An organic and self-regulated text is sufficient unto itself and hence represents a living being for the reader to confront. And the "structuralist" text is a rebellious creature which is in the process of creating its own identity within, and despite, the "myths" of French culture. Its reader must adapt to a fluid "form," in which cinematographic signs created by montage, fading, focusing, cut-up, splicing, etc. are creatively united, while also criticizing the "nar- rative" techniques which he may expect to find in fiction. The reader may be dazzled by the text's creatively serialized organization. And 14

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that is one of the tricks which the text may perform upon the reader in order to demonstrate the "a-critical" attitude perpetuated by conventional narratives. In effect, the dazzling creativity of a text such as Butor's onomastic games in Mobile may preclude a critical examination of what the text is doing. Thus, the text gains the upper hand in its struggle with the reader. Philippe Sollers has portrayed such a reader, who approaches "scripture" with the expectation of finding a text which is mimetic in nature and finds instead that

... everything happens as if the form which he finds before his eyes had at once the density of a canyon-wall and the clarity of a mirror; he has less the feeling of looking at it from a bias than that of being its chosen victim." 21

On the other hand, the reader can participate in the text's cinematographic structure while maintaining a certain critical dis- tance. By refusing to be mesmerized by the dazzling succession of frames, the reader can slow the tempo of the text and begin to realize what the text is trying to do. Ihab Hassan has even begun to develop his own reading method which proceeds by frames, thus continuing the apparently fragmented yet associative messages of the creative text (e.g. his Paracriticisms, 1975). Such a reading ap- proximates the challenges of writing the "structuralist" text in that both the reader and writer struggle for their identity with a text which is creating its own existence through a "scripture" which may also project the identities of its own writer and reader who have misgivings about the power of their individual consciousness. Phi- lippe Sollers has described the work of "scripture" as if it too were a conscious attempt to control other entities within its area of operation:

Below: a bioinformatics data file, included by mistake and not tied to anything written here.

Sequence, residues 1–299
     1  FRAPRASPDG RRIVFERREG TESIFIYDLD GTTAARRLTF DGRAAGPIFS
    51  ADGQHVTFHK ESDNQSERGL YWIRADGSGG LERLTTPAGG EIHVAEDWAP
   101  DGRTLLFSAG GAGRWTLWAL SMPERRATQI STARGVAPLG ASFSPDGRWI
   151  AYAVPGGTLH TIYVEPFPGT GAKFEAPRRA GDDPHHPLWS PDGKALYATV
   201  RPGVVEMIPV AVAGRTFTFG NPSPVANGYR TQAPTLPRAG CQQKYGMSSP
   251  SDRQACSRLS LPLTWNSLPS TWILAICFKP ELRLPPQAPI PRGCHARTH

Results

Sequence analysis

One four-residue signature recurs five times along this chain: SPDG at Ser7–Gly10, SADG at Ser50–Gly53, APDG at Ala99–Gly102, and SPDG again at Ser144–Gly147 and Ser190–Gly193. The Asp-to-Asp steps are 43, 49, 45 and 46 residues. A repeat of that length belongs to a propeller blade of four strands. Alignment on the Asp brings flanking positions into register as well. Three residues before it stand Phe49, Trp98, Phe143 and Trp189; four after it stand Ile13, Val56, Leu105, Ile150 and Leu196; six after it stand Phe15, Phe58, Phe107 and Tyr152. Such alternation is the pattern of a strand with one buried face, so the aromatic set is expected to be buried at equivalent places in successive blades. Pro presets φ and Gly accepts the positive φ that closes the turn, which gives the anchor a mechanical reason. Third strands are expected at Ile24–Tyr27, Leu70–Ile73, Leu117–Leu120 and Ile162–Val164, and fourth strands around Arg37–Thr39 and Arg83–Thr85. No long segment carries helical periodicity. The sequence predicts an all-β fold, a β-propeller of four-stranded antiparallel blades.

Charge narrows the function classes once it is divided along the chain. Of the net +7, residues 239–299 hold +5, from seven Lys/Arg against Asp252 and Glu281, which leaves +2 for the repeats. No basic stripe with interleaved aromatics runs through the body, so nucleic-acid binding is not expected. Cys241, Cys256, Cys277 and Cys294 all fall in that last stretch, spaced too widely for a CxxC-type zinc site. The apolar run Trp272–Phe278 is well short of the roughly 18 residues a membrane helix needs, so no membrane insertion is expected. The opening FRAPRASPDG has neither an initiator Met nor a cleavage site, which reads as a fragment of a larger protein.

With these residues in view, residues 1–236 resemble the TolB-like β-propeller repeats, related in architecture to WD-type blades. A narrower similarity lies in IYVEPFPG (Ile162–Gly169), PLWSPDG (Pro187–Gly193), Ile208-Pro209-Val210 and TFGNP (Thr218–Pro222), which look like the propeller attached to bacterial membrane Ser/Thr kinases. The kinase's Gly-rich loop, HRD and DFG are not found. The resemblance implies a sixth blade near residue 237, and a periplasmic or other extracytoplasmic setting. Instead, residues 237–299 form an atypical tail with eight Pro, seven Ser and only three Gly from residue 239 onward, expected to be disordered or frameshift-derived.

But scripture is exactly a constant struggle with repression and the forbidden. It struggles on the frontiers where the individual becomes someone other than who he is permitted to be. This unpardonable act is called acquiring a language. There, no distinction exists between the writer and the reader. Their experience becomes identical. 22

The writer and reader are both actively involved in transforming the "myths" or "structures" of the text. The text threatens to open up and identify the reader and/or writer in its procession. The ties of the text to its writer and reader are similar to wavelengths which depict the struggle between the two entities of the text and its read- 15